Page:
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Kyle Bruckmann - Wrack

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Artist: Kyle Bruckmann

Album: Wrack

Label: Red Toucan

Review date: Jan. 19, 2004

How unique is the oboe in jazz and free improvisation? Pretty unique, both in terms of its distinct and idiosyncratic sonorities and in terms of the tiny number of people playing it. Chicago’s Bruckmann is one of the leading practitioners of the difficult double-reed instrument, and on this recent release from the splendid Red Toucan imprint he demonstrates his chops as both improviser and composer.

For a highly unusual instrumentation – the leader on oboe and English horn, Jeb Bishop on trombone, Tim Daisy on percussion, Kurt Johnson on bass (who is in the experimental punk band Lozenge along with Bruckmann), and Jen Clare Paulson on viola – Bruckmann has constructed a half dozen tunes (plus a brief, plucky reharmonized version of Ornette’s “Lonely Woman”) which combine two seemingly improbable approaches: the post-Vandermark Chicagoan tendency to lace together shifting rhythmic bases and free sections, and a decided New Music influence (the classically trained Bruckmann names Bartok, Stravinsky, Messiaen, and Webern as household gods of his, but some reviewers have rightly detected the presence of Feldman and Scelsi) in the granular minimalism of pieces like “Elegy for a Boiled Frog” and “Mitigating Factors.” Often as not, the band alternates dour drones with bustling grooves (such as the plangent melody strung across jumpy 7/4 in “Boiled Frog”).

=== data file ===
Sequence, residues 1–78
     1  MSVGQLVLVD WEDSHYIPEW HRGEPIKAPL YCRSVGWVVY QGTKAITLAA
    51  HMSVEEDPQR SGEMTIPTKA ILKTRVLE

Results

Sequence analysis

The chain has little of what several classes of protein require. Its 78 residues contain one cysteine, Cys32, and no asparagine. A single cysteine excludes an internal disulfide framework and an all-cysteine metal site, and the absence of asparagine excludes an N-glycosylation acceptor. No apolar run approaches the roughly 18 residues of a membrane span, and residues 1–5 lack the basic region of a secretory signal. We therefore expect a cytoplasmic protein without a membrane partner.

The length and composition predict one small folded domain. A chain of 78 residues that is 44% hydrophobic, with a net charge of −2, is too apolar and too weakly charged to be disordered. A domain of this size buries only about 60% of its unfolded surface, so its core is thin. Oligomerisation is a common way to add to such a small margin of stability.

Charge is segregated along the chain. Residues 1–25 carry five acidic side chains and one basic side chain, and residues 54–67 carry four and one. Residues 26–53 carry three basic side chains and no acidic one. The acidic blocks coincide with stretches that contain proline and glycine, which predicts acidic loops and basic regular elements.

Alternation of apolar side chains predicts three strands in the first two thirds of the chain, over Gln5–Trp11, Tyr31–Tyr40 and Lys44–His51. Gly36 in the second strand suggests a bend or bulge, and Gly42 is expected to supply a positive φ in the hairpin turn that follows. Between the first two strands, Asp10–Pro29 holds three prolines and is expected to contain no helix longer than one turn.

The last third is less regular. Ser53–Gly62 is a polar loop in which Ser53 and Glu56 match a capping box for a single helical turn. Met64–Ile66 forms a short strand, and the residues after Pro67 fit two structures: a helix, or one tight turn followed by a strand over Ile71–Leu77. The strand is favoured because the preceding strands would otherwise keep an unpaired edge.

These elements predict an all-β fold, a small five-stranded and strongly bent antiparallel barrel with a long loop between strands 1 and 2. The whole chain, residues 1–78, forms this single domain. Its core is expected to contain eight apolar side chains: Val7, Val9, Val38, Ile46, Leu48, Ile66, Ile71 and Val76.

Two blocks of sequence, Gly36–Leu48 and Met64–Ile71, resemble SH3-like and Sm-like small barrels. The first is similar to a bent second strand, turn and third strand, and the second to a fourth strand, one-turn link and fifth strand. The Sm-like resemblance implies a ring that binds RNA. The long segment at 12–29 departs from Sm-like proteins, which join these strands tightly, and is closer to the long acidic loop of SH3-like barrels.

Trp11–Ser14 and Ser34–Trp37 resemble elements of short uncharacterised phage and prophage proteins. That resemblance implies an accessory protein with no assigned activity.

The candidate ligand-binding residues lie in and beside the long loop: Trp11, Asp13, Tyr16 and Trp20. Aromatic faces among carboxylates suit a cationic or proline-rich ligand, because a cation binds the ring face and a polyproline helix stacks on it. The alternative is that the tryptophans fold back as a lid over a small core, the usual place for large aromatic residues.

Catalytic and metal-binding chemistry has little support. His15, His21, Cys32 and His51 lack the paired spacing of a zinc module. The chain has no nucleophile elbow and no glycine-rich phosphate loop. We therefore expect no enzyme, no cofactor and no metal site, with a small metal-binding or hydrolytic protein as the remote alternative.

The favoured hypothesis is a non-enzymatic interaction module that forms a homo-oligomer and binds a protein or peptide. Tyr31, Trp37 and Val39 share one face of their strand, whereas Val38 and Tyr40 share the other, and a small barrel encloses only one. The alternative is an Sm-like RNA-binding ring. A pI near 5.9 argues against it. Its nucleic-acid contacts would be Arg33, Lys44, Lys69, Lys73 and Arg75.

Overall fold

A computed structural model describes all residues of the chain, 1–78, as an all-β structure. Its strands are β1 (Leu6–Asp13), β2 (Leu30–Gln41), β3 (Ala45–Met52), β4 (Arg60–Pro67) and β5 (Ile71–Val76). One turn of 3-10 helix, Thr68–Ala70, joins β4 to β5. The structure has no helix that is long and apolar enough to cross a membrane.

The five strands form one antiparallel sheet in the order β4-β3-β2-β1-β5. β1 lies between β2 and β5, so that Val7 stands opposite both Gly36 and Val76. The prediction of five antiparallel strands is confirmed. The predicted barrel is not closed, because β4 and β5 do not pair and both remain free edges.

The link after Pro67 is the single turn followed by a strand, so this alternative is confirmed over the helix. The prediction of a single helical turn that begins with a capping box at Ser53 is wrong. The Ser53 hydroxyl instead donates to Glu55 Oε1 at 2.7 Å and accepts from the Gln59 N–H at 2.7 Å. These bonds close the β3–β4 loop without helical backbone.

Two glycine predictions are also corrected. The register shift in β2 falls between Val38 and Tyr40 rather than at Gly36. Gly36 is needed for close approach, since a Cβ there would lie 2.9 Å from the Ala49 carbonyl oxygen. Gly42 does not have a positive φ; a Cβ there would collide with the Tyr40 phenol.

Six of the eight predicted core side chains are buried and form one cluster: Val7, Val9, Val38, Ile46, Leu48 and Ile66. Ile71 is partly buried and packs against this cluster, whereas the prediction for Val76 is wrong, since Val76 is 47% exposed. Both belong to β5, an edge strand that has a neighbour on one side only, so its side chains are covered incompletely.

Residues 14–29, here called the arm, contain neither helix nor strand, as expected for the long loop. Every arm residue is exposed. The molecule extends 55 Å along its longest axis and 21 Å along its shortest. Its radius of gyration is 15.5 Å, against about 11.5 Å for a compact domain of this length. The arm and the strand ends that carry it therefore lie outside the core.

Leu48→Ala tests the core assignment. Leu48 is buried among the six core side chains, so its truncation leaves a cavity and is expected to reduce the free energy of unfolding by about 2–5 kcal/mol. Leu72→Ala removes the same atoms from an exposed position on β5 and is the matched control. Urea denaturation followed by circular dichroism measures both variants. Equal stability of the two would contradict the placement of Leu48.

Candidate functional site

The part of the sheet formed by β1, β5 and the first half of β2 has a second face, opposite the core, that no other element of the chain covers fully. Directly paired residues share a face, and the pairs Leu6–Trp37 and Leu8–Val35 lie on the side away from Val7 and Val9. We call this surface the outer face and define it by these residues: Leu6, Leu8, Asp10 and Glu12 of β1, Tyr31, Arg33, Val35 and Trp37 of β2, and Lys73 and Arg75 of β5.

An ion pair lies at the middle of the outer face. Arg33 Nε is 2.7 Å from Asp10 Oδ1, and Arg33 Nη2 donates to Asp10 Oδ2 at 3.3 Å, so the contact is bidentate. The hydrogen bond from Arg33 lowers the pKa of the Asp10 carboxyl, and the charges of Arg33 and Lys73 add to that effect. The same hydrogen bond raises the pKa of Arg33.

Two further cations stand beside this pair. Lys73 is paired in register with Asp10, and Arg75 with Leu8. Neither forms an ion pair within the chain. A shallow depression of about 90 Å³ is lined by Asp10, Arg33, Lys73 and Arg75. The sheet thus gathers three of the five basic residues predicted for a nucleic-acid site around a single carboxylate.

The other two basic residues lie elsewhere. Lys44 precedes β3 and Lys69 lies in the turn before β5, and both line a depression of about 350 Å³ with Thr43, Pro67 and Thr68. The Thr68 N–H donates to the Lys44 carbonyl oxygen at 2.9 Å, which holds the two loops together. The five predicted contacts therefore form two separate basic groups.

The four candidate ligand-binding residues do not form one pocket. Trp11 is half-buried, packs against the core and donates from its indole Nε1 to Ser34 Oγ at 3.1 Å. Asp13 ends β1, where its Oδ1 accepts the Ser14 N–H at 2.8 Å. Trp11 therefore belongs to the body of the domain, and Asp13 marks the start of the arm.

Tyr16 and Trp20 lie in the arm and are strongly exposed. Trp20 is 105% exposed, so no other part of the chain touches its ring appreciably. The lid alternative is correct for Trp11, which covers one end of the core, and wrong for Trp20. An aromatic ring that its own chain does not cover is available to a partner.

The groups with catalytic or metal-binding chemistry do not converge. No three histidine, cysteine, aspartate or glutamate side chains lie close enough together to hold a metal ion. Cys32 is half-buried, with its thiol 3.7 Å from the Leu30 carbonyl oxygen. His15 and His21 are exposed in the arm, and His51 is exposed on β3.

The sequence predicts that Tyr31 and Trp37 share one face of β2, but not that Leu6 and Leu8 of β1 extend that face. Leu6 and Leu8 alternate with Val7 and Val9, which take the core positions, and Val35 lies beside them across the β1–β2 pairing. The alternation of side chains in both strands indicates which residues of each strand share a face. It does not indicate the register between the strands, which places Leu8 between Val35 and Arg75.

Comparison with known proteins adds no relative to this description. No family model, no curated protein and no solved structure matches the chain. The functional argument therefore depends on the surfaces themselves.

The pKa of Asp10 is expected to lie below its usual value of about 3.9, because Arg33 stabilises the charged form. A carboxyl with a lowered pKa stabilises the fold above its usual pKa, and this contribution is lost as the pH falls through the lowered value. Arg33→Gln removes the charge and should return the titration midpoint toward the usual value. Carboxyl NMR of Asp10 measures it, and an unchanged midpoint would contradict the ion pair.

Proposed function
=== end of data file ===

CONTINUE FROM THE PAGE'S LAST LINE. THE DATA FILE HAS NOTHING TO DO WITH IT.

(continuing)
Bruckmann’s pieces are patient constructs that morph slowly and ask the improvisers (who he’s very generous about featuring – just dig the long Bishop/Paulson duet in “Extenuating Circumstances”) to build along with the composition rather than blow over or through it. And if the overall mood is – as the opening track title suggests – “Rather Dour,” there are more than enough tart improvisational moments and plenty of saucy drumming from Daisy to keep the session vigorous. The cranky, neo-industrial improvisations on “Gearshifts & Parentheticals” testify to that.

One of the finest examples of Wrack’s ability to combine turned-up flame with clear-headed attention to texture and space is the brash “Sins of Omission.” Bishop tussles with Johnson and Daisy, with energy to spare. But you’ve got to feel that this band’s heart is in the long textural studies like “Mitigating Factors,” where the players get to test their extended techniques out even as they work from space and (relative) silence. Daisy, in particular, is a wonder at tuned percussion on this track.

Wrack should be taken seriously, not only as a thoroughly enjoyable album in its own right, but as a document of exciting new directions from some of Chicago’s best players. Highly recommended.

By Jason Bivins

Other Reviews of Kyle Bruckmann

Gasps and Fissures

Technological Music, Vol. I

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View all articles by Jason Bivins

Find out more about Red Toucan

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